The dramatic procedure of hemispherectomy originally involved the removal of one whole side of the brain. Now, it usually involves disconnecting one cerebral hemisphere from the rest of the brain, with removal of only a limited area.
It is only considered in patients, usually children, with severe epilepsy in whom seizures arise from only one side of the brain and in which that hemisphere functions poorly. Before surgery, these patients typically have severe weakness (paralysis) and loss of touch sensation and vision on the opposite side of the body. Therefore, the side of the brain that is to be disconnected is already functioning very poorly and often impairs the functions of the other side of the brain. If the operation is performed on young children, the opposite hemisphere may make up for the loss.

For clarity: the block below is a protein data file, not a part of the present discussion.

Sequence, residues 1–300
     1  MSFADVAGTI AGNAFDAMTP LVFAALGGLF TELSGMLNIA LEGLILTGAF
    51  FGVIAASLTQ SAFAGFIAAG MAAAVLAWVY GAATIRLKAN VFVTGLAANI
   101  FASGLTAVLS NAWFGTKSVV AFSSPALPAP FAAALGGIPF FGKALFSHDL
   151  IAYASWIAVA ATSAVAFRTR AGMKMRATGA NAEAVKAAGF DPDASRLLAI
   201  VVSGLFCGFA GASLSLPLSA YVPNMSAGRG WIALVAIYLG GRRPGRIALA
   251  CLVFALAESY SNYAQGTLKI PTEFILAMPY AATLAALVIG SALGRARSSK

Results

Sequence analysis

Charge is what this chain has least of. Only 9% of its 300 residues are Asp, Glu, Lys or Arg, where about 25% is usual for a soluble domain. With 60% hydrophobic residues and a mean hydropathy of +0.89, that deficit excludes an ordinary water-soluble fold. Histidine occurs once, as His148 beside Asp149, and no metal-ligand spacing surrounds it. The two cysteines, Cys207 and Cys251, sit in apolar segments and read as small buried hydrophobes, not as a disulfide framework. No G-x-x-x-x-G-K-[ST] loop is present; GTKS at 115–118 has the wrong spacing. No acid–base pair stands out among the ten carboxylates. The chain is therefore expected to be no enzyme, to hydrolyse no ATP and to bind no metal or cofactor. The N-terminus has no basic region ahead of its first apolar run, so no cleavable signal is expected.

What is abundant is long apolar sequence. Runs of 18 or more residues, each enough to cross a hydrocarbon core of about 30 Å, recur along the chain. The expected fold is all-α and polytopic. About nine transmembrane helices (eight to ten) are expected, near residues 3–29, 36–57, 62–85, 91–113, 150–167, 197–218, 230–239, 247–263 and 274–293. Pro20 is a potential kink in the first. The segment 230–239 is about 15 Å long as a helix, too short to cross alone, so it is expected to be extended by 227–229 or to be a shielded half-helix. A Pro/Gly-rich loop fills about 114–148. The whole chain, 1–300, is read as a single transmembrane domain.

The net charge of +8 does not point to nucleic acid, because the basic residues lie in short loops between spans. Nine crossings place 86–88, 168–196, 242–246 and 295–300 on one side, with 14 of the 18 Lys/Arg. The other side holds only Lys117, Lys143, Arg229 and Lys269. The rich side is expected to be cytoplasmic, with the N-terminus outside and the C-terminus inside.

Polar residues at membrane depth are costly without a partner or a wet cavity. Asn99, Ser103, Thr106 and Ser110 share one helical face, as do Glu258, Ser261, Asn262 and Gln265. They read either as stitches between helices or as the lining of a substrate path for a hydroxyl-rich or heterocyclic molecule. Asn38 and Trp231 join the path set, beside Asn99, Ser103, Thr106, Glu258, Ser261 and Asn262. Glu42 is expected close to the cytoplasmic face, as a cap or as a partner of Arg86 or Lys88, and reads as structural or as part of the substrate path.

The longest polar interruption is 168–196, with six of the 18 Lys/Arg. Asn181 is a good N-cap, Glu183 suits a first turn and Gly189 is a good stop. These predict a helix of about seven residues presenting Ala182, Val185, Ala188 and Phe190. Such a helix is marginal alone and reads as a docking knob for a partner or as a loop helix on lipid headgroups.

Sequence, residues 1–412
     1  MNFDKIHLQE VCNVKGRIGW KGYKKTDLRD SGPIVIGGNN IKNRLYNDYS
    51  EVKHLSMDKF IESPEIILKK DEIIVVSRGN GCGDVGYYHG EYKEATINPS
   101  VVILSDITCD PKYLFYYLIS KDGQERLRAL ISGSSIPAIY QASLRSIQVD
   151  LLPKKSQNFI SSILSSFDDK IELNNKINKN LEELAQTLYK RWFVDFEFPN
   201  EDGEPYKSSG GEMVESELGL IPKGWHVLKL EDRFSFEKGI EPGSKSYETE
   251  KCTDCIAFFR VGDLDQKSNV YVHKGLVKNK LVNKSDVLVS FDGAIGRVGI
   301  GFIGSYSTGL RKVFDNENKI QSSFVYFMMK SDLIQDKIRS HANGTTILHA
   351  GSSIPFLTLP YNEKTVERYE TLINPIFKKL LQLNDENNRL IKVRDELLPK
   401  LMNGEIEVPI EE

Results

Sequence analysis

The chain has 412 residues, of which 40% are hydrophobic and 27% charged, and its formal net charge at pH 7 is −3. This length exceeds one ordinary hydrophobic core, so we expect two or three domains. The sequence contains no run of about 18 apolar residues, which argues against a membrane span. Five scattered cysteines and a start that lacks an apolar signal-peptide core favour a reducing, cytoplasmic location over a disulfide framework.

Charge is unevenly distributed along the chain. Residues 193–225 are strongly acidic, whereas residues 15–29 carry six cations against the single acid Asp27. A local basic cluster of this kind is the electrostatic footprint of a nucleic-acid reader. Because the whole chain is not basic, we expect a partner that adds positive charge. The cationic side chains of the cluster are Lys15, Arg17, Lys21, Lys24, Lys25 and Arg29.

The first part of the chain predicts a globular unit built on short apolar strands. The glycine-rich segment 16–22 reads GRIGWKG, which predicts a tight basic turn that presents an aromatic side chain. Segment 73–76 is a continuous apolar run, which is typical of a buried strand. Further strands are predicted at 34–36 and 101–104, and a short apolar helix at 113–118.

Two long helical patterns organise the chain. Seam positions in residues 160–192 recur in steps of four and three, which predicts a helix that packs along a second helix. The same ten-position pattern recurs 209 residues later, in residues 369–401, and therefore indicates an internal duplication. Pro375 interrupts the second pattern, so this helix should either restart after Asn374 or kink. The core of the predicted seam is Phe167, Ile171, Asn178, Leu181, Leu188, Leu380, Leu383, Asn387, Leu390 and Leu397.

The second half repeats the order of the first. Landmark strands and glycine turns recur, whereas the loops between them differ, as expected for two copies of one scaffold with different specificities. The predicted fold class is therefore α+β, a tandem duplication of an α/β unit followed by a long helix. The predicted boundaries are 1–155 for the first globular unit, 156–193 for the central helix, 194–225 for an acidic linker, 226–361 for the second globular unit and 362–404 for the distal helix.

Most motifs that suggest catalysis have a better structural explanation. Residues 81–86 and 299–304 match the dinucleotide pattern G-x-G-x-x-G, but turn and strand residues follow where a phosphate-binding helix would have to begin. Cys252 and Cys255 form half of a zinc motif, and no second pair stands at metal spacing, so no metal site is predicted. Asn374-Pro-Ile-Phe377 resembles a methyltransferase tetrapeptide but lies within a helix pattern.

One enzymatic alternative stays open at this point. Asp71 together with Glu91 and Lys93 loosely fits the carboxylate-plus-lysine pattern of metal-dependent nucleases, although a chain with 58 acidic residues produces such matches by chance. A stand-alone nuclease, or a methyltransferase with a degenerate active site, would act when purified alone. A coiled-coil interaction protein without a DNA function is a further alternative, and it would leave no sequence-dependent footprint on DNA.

One major consequence of hemispherectomy is that the patient will never have movement or normal sensation in the hand, forearm, foot, and leg on the side opposite the operation. However, controlled movements are possible in the upper arm and thigh, thus permitting the person to walk. Physical therapy is often needed after hemispherectomy.
The results of hemispherectomy are quite good. More than 75% of the patients experience complete or nearly complete seizure control. If the patient has a progressive disorder, such as Rasmussen’s syndrome, the prognosis for seizure contro is less good.